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Home > Lifestyle News > Culture News > Article > Stories beyond the statistics An online Covid 19 memorial is helping keep the memory of the deceased alive

Stories beyond the statistics: An online Covid-19 memorial is helping keep the memory of the deceased alive

Updated on: 27 May,2021 03:52 PM IST  |  Mumbai
Anuka Roy | anuka.roy@mid-day.com

The National Covid Memorial is a website started by the Kolkata-based NGO Covid Care Network. Their aim is to have a safe space where people can pay homage to loved ones and revisit it whenever they want. They don’t want these deaths to be mere Covid-19 numbers

Stories beyond the statistics: An online Covid-19 memorial is helping keep the memory of the deceased alive

The photo is for representational purpose only

A nephew mourns the death of a beloved uncle to whom he couldn’t even say goodbye in person. A son is still in shock that his police officer father was taken away from him in just three days. These are only two of many heartbreaking tributes posted on the National Covid Memorial website. 


The pandemic has claimed a lot of lives. India, on Sunday, May 23, became the third country in the world after the USA and Brazil to record more than three lakh deaths due to Covid-19. The deadly disease, which comes with various medical and administrative protocols, has robbed many people of the chance to be next to their loved ones in their last moments. Funerals were held on Zoom, and in some cases, strangers performed the last rites because of travel restrictions. The second wave of coronavirus was even more brutal. In some cases, the virus claimed entire families. How then should one mourn or let out one's grief?


That is what the website, www.nationalcovidmemorial.in, wants to provide -- a safe place to remember those snatched by the deadly virus. The portal has been designed by Covid Care Network (CCN), an organisation founded by Dr. Abhijit Chowdhury, who is a professor and head of department of hepatology at the Institute of Post Graduate Medical Education and Research in Kolkata. It was launched on January 30 of this year, exactly a year since the country reported its first case. 


“As a nation, in general, and as a health worker myself, we could not pay as much respect as the departed deserved. It was too painful,” says Chowdhury, who first came up with the idea for the online memorial. These people are not mere numbers and their stories deserved to be told. Chowdhury thought that there needs to be a place where they could be remembered for years to come. He says, “The remembrances need to be preserved in a way that the near and dear ones can re-visit whenever they want. Not just that, the entire world should be able to pay respect to them.” He also thinks the memorial has become even more relevant during the second wave because of the increased loss of life. 

The team also has eminent advisors on board for the portal. Some of them include N Ram, director of The Hindu Group of Publications and Pullela Gopichand, chief national coach of the Indian badminton team, among others. The initial days were challenging because people didn’t want to revisit their loss. But slowly the website started getting submissions of tributes, notes, and photographs. Satyarup Siddhanta, secretary of CCN says, “We told people that the idea was to create a place of peace and tranquility for them. That the information provided by them will be kept on the website and would not be used for commercial purposes.” Currently, the website has about 140 eulogies, says Siddhanta, a mountaineer.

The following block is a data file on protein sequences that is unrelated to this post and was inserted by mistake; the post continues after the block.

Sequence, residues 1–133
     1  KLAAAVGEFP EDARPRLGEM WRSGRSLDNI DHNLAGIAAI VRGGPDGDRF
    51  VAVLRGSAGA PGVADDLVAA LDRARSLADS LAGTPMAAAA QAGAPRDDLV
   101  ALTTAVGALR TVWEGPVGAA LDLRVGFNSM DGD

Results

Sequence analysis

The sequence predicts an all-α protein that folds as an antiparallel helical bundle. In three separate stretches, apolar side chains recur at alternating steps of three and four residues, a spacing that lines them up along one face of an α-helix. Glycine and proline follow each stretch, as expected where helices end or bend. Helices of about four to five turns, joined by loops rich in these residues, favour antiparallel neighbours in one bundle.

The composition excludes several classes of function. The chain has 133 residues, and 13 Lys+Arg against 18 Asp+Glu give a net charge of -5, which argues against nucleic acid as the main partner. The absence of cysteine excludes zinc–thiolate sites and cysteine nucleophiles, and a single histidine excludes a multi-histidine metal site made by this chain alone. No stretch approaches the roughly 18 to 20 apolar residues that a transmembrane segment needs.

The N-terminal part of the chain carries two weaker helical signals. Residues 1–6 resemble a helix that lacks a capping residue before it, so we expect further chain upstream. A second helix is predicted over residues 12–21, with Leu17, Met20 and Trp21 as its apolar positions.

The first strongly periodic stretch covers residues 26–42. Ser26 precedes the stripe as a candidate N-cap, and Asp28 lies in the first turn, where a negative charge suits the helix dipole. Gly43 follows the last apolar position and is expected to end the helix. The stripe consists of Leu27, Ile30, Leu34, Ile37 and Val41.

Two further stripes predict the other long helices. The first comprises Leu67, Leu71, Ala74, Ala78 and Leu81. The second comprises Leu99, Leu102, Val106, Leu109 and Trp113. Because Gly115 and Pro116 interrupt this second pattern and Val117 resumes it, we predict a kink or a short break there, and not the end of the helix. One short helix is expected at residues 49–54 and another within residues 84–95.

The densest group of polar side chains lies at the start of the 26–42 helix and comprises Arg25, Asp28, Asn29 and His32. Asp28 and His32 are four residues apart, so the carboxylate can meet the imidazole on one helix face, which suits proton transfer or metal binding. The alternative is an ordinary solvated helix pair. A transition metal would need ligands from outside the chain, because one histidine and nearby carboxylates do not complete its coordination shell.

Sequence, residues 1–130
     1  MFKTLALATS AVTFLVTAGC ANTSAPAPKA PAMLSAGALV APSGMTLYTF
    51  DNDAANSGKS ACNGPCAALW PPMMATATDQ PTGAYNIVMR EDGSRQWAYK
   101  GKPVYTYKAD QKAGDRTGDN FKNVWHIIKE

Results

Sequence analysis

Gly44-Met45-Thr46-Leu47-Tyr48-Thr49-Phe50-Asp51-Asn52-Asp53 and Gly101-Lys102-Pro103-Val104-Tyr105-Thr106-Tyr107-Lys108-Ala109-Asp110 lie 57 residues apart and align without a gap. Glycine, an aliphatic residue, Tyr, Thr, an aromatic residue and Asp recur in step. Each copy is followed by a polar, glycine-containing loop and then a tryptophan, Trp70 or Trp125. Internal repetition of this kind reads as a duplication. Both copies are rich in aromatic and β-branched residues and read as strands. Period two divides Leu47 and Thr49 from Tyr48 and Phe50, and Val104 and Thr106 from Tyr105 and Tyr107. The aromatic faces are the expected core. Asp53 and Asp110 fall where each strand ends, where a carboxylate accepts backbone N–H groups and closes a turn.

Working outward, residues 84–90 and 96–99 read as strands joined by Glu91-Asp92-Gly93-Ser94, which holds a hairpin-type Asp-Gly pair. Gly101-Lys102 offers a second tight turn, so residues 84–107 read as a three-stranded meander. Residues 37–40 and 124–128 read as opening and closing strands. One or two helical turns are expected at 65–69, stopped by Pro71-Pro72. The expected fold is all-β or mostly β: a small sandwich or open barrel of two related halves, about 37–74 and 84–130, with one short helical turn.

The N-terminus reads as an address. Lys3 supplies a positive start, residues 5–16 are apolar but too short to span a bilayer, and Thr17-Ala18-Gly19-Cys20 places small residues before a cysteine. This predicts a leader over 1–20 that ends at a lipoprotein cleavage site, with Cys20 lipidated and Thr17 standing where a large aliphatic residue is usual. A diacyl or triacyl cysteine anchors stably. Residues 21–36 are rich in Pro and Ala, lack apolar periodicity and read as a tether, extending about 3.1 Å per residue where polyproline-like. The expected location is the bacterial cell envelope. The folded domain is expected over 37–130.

Siddhanta and the team of volunteers from different walks of life – artists, students, and athletes – are in charge of editing and verification of the notes they receive. They sometimes even have to get in touch with people to get more details, and that is often tough. “Someone who has lost his wife, you have to ask him to reiterate the entire painful incident because you want a particular detail, that can be extremely hard,” he says. While they do get emotional sometimes reading the submissions, the volunteers are mindful and follow strict guidelines – of not getting personally involved with the families -- to stay objective.

Although initially they had asked for death certificates for verification, Chowdhury informs us that they are doing away with that condition. “It will now not just be restricted to relatives paying tribute to their own; any acquaintance who wants to pay tribute can submit their entries on the website,” he says. So, one can either go to the website and post their homage through the 'submit memorial' tab or they can mail it to nationalcovidmemorial@gmail.com. They have a WhatsApp number too – 8777820376 — where people can send their notes in their mother tongue and it will be translated into English. However, Chowdhury informs us, they have plans to allow people to post tributes in their native languages as well, very soon. “Some people prefer to keep the homage as it is – in their own native language. This will also help us to reach out to more people,” says Chowdhury. 

As a health worker, Chowdhury hopes that we are able to fight this pandemic and come out of it soon. When it comes to the future of the website, he says, “At some point, this website will have a historical value. This website will be a source of stories of people who we lost and want to remember. Even though we started this initiative without any expectation, I hope at some point the government takes it over and keeps it alive.” 

Also Read: How Mumbai citizen volunteers rose to organise hospital beds and hot meals in the second wave

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